Spotted Salamander Symbiosis: Content Primer


An Introduction to Symbiosis

According to Merriam-Webster, symbiosis is “the living together in more or less intimate association or close union of two dissimilar organisms.” Classic examples of symbiosis include lichen, coral and zooxanthellae algae, clownfish and anemone, and ants and aphids. The list goes on.1 Within our own bodies, the aptly named human microbiome represents the relationship with bacteria within our gut and on our skin.2, 3 Our bodies contain and are covered with trillions of bacteria and other microbes. In fact, the ratio of microbial cells to human cells is approximately 10:1.

Three types of symbiosis exist that further define these relationships, but these definitions may be too simplistic to describe these complex interactions. Below are the standard definitions:

  • In a mutualistic relationship, both organisms benefit equally. For example, a fish called a goby does not burrow well but can see. A blind shrimp can burrow. By themselves, these animals are easy prey. But, working together, the shrimp digs a burrow and the goby watches for predators that could eat them both.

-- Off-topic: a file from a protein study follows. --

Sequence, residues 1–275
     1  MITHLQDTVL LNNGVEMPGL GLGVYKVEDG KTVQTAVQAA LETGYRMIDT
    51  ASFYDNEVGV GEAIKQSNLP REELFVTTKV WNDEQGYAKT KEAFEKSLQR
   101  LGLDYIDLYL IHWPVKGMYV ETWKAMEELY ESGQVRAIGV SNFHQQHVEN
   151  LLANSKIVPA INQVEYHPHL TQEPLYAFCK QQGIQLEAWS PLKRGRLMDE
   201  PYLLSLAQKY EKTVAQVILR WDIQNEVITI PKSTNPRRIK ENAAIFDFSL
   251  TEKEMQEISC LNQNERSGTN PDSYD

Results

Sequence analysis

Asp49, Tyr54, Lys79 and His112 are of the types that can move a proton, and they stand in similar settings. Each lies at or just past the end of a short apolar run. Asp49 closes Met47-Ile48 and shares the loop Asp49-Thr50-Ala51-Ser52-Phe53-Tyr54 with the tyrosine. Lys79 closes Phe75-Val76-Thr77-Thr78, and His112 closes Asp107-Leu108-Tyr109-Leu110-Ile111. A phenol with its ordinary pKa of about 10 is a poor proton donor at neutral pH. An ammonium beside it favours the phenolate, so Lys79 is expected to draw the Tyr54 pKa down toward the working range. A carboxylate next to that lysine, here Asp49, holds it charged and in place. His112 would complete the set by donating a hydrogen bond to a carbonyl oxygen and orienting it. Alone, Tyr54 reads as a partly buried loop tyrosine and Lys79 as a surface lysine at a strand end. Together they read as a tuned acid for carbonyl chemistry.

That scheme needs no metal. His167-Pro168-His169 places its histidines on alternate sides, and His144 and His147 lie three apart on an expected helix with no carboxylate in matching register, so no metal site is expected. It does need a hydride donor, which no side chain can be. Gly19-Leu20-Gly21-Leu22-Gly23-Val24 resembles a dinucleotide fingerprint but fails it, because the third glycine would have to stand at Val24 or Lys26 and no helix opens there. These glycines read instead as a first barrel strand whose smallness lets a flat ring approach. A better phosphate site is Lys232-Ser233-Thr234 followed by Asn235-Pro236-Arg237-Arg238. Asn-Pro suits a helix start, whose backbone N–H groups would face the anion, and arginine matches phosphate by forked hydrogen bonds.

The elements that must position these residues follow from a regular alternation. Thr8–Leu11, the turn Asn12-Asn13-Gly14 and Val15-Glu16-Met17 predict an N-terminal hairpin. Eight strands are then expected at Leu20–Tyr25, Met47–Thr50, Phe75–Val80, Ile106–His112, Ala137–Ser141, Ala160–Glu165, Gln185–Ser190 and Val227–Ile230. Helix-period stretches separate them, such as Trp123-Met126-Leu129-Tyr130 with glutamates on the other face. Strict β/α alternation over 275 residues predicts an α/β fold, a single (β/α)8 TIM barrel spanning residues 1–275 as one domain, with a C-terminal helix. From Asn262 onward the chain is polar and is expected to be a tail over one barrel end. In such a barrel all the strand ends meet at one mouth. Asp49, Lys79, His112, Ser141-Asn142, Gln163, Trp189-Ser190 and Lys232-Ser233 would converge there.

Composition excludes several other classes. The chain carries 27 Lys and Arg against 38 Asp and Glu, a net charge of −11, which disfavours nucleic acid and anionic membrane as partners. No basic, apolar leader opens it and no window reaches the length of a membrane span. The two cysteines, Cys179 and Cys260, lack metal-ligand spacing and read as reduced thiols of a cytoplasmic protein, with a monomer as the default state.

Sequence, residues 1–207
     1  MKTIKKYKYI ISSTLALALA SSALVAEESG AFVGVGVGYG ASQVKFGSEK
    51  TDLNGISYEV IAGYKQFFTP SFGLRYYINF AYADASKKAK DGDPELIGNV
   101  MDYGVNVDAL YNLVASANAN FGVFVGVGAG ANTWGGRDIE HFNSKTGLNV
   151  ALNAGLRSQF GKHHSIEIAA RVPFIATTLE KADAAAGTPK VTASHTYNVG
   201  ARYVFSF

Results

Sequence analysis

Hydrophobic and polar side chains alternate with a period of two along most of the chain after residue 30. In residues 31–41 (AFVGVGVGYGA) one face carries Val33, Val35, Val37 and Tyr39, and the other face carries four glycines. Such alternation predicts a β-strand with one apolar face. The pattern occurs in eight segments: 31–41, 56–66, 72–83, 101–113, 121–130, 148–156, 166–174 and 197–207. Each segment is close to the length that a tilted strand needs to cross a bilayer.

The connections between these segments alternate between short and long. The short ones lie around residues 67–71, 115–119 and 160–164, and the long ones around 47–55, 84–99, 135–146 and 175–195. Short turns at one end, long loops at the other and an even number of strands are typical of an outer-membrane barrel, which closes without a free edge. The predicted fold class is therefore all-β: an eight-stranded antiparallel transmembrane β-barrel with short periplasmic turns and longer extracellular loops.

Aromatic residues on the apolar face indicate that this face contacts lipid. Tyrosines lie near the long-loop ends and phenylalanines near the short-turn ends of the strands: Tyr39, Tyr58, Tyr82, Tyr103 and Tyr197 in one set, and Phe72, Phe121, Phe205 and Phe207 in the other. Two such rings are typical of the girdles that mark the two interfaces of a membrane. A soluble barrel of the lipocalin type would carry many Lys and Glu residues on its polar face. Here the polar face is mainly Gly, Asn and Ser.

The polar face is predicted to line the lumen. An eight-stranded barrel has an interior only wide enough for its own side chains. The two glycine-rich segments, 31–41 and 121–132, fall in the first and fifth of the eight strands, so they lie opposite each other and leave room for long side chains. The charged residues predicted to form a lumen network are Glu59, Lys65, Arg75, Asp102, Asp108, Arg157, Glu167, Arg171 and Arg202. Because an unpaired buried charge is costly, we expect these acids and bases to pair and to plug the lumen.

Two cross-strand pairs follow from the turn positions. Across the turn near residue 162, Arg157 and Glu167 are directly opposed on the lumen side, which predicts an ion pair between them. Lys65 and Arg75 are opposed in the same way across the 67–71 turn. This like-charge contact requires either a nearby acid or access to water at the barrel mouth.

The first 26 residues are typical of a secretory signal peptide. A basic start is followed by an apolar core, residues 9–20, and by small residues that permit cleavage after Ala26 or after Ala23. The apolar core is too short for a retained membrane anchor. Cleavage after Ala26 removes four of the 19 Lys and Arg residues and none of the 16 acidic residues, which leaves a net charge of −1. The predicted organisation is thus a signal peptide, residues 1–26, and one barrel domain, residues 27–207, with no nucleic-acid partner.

• In a commensal relationship, only one organism benefits. For instance, a barnacle gets food and travels by attaching itself to a whale. There may be no advantage for the whale.
  • In a parasitic relationship, one organism benefits while the other suffers. A tick benefits by feeding off the blood of a host, for example a dog. The dog can be harmed because the tick may transmit disease to the dog.
Image taken from above of a green and white lichen attached to a brown-grey rock.
Figure 1. A lichen illustrates the symbiosis of an algal species and fungus. Photo, J. Adam Frederick / MDSG
Close-up image of clown fish hiding in pink sea anemone
Figure 2: The clownfish and anemone serves as another classic example of symbiosis. Photo, Pixabay
Although first defined by Heinrich Anton de Bary in 1879 in his published lecture “Die Erscheinung der Symbiose,” (The Phenomenon of Symbiosis), scientists are still learning about the relationship among and between organisms known as symbiosis.4 These intricate relationships seem to provide more questions than answers. Scientists and naturalists agree that there is still much to learn. In fact, amid this growing field of knowledge, there is now evidence—or rather rediscovery and affirmation—of a unique symbiosis between an animal with a backbone (vertebrate) and a photosynthetic unicellular organism.5

The Blue Crab: Callinectes Sapidus

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pile of cooked crabs